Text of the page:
European stocks declined for the first week in six and the euro fell the most in two months versus the dollar to $1.3792, its first weekly loss since the five days ended Oct. 7, amid the Greek turmoil and after a Group of 20 summit in Cannes, France, failed to agree on increasing resources for the International Monetary Fund.
Greek two-year bond yields climbed above 100 percent for the first time yesterday. German 10-year bonds posted their biggest weekly advance on record after European leaders admitted that Greece may exit the currency union following Papandreou’s referendum decision.
Spanish debt slid and Italy’s 10-year bond yield hit a record yesterday after Prime Minister Silvio Berlusconi refused IMF aid and accepted the fund’s monitoring of his austerity drive. Italy’s 10-year yield of 6.37 percent puts the euro region’s third-largest economy close to the 7 percent level that drove Greece, Ireland and Portugal to seek bailouts.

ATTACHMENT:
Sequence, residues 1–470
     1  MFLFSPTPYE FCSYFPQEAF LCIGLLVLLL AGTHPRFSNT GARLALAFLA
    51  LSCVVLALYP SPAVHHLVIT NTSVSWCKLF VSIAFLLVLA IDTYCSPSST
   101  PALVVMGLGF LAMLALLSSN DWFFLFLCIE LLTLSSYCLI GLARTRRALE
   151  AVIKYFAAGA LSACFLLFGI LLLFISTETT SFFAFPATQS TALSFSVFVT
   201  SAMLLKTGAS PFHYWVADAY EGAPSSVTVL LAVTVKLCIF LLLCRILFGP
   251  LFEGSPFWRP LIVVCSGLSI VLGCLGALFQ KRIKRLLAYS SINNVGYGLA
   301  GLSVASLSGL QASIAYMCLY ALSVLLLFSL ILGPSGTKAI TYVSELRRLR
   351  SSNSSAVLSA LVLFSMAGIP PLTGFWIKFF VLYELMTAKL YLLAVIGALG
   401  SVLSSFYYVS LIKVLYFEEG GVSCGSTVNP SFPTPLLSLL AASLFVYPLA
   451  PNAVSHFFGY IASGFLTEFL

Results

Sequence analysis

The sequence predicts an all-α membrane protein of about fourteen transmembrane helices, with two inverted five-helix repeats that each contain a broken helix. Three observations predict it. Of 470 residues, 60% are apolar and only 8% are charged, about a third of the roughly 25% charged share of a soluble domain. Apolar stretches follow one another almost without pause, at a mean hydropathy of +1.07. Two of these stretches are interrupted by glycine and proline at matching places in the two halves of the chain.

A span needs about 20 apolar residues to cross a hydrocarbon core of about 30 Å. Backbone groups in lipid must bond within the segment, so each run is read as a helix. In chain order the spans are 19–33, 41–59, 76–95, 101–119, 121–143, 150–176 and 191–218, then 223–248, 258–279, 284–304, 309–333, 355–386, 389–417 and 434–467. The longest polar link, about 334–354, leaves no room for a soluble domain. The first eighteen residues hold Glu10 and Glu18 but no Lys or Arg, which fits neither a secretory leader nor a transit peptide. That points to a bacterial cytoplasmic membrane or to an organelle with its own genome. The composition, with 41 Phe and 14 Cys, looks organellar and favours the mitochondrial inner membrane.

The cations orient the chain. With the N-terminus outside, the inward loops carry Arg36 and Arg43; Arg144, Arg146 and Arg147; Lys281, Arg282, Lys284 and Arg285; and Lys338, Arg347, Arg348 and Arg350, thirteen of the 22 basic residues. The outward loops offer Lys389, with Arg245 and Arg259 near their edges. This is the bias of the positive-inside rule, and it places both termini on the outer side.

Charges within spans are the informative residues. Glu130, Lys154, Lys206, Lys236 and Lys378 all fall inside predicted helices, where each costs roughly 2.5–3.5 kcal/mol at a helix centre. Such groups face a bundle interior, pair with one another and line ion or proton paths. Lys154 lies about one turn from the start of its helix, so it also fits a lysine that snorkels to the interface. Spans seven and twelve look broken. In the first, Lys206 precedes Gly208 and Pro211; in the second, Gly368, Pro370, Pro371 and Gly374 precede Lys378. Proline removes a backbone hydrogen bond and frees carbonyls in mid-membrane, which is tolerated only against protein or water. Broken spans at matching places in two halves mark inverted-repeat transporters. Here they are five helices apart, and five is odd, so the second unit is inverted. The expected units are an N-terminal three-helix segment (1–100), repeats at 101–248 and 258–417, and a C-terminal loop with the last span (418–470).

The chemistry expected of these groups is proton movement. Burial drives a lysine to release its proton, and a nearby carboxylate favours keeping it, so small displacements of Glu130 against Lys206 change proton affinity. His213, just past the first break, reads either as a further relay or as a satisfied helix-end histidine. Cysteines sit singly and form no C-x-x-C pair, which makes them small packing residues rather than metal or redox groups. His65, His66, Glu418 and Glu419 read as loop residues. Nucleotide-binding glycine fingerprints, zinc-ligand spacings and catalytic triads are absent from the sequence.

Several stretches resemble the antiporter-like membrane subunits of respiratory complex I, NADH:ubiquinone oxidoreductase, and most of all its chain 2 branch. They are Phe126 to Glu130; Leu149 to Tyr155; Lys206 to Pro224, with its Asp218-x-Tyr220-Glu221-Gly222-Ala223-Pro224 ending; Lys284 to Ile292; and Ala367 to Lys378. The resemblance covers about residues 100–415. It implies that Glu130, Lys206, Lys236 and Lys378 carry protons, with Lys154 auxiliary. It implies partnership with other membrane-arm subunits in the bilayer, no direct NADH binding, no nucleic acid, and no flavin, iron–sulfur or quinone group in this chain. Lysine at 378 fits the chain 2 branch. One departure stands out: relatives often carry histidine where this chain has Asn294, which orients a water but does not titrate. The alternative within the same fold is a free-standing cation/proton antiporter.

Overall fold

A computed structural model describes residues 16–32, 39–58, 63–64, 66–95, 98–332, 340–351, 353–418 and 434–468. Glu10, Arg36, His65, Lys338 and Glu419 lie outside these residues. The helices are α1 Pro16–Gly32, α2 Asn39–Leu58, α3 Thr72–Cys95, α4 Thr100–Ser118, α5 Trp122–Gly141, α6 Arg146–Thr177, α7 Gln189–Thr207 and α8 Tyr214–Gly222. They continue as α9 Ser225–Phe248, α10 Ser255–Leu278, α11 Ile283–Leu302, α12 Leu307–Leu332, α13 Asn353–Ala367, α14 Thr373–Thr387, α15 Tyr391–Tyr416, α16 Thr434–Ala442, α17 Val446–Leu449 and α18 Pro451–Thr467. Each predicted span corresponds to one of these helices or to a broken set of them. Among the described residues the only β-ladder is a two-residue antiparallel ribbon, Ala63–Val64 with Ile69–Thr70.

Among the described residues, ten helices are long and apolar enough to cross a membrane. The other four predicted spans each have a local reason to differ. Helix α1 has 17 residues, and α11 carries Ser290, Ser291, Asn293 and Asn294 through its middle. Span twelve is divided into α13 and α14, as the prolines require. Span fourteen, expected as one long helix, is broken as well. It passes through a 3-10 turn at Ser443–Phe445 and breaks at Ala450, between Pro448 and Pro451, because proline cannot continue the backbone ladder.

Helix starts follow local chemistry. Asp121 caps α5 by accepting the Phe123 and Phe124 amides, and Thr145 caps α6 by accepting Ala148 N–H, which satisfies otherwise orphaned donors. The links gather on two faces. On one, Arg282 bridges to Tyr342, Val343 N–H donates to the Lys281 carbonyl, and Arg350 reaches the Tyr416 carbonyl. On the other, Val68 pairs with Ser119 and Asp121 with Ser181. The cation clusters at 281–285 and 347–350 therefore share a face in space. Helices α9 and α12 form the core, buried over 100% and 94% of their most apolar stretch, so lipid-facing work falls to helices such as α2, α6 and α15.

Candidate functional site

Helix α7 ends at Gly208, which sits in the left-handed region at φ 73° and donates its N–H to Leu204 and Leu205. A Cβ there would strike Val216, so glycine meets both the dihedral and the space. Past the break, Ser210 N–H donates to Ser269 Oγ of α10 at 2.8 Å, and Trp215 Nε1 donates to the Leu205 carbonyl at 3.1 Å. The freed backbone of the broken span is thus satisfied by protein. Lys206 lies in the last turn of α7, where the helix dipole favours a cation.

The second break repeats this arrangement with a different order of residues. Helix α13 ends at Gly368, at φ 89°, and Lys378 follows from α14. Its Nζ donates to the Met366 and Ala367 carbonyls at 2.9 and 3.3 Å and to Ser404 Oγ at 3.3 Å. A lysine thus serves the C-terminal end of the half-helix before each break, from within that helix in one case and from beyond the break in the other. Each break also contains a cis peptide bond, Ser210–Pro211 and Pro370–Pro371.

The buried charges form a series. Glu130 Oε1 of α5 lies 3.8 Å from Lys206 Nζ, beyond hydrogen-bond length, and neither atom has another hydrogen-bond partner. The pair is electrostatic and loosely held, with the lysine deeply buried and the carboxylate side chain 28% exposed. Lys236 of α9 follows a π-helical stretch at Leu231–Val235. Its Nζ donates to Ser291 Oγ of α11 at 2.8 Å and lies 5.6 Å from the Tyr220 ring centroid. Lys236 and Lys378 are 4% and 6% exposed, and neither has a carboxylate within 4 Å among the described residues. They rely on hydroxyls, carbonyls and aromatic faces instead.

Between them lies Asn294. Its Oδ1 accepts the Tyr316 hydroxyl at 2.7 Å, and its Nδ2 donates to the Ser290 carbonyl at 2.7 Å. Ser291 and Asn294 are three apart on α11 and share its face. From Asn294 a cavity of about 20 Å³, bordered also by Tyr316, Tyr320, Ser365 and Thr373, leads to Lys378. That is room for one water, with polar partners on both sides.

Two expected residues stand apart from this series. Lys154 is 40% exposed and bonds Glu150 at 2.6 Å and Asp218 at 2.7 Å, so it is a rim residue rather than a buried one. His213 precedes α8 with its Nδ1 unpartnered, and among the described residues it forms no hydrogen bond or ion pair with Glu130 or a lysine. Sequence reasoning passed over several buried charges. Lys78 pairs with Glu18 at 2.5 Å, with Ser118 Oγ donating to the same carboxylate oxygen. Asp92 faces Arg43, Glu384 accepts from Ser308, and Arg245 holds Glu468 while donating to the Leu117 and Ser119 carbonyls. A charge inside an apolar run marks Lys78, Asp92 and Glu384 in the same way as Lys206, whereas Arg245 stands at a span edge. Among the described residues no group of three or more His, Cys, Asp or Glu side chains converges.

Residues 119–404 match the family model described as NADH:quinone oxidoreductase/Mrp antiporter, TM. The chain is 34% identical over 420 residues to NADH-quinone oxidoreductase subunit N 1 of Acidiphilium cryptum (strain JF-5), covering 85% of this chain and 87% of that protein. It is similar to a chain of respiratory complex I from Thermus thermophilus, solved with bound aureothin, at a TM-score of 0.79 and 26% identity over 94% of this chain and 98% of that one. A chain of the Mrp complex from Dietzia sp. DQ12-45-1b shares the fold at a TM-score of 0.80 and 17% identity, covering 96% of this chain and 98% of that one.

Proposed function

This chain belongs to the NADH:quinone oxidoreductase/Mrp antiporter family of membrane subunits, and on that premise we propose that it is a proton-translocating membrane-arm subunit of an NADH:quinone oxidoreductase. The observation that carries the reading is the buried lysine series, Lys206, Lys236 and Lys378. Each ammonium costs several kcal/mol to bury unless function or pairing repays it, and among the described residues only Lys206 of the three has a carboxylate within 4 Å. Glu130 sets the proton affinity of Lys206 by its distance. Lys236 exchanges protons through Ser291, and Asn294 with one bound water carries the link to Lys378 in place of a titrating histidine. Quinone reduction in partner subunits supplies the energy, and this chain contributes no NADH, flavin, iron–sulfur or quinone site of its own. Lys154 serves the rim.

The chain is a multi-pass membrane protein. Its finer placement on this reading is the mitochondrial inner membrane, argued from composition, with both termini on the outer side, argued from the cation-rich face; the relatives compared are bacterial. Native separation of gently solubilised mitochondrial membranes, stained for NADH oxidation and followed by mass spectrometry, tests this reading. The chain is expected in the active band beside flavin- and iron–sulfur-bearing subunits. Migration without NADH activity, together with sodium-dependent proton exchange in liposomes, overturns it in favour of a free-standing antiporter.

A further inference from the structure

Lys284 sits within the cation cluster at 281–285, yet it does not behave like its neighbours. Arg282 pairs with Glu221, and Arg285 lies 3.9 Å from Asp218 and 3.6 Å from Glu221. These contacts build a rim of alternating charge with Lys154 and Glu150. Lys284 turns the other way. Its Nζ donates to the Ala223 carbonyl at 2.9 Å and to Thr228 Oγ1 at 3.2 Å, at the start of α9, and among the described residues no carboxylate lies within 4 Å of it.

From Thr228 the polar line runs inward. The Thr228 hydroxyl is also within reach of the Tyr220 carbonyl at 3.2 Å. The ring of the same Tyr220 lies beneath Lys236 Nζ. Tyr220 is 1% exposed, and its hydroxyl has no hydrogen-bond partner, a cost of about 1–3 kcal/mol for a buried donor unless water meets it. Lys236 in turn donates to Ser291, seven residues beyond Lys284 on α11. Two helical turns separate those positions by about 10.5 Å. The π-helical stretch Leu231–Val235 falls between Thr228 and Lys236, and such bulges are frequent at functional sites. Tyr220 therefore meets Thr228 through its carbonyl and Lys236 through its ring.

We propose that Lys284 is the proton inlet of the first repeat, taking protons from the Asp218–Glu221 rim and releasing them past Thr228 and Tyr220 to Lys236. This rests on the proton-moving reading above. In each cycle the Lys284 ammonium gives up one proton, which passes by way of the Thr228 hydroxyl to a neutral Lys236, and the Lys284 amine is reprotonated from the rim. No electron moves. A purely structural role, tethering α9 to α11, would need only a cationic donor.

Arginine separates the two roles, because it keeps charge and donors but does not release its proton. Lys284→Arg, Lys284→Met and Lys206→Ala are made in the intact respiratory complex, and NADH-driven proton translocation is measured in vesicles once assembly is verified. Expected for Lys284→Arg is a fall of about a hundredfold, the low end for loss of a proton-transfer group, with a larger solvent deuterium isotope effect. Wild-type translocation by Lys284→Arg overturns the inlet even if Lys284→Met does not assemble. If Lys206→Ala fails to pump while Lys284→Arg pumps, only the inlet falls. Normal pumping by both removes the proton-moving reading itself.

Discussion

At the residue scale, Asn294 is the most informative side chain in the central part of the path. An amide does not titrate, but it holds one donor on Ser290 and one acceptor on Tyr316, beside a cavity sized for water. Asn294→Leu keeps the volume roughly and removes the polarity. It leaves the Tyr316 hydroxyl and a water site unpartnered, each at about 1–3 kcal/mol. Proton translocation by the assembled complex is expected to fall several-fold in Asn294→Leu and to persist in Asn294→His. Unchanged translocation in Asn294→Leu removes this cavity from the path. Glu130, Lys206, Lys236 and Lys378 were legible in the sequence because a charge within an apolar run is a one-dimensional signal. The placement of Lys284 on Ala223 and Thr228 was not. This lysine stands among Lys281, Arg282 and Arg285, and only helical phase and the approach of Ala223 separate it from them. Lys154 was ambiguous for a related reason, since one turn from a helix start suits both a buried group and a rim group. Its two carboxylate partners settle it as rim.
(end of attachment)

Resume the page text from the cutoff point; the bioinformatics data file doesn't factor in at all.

European banks including BNP Paribas SA and ING Groep NV said in earnings reports this week that they’d cut holdings of bonds issued by Europe’s most-indebted nations.
Royal Bank of Scotland Group Plc said it reduced its “total exposures to central and local governments in Portugal, Greece, Italy, Spain” and Ireland in the third quarter to 1.1 billion pounds ($1.8 billion) from 4.6 billion pounds. The bank also wrote down the value of its Greek sovereign holdings to 37 cents on the euro, Chief Financial Officer Bruce Van Saun said in a Bloomberg Television interview yesterday.
Venizelos told lawmakers that the outline of a government agreement needs to be in place before a meeting with European finance ministers on Nov. 7.
“The country risks losing its autonomy, its level of life and the international context is becoming more stifling every day,” Venizelos said. “Society must at last be able to breathe and on Monday, the country must be represented in a credible and reliable way at the Euro group.”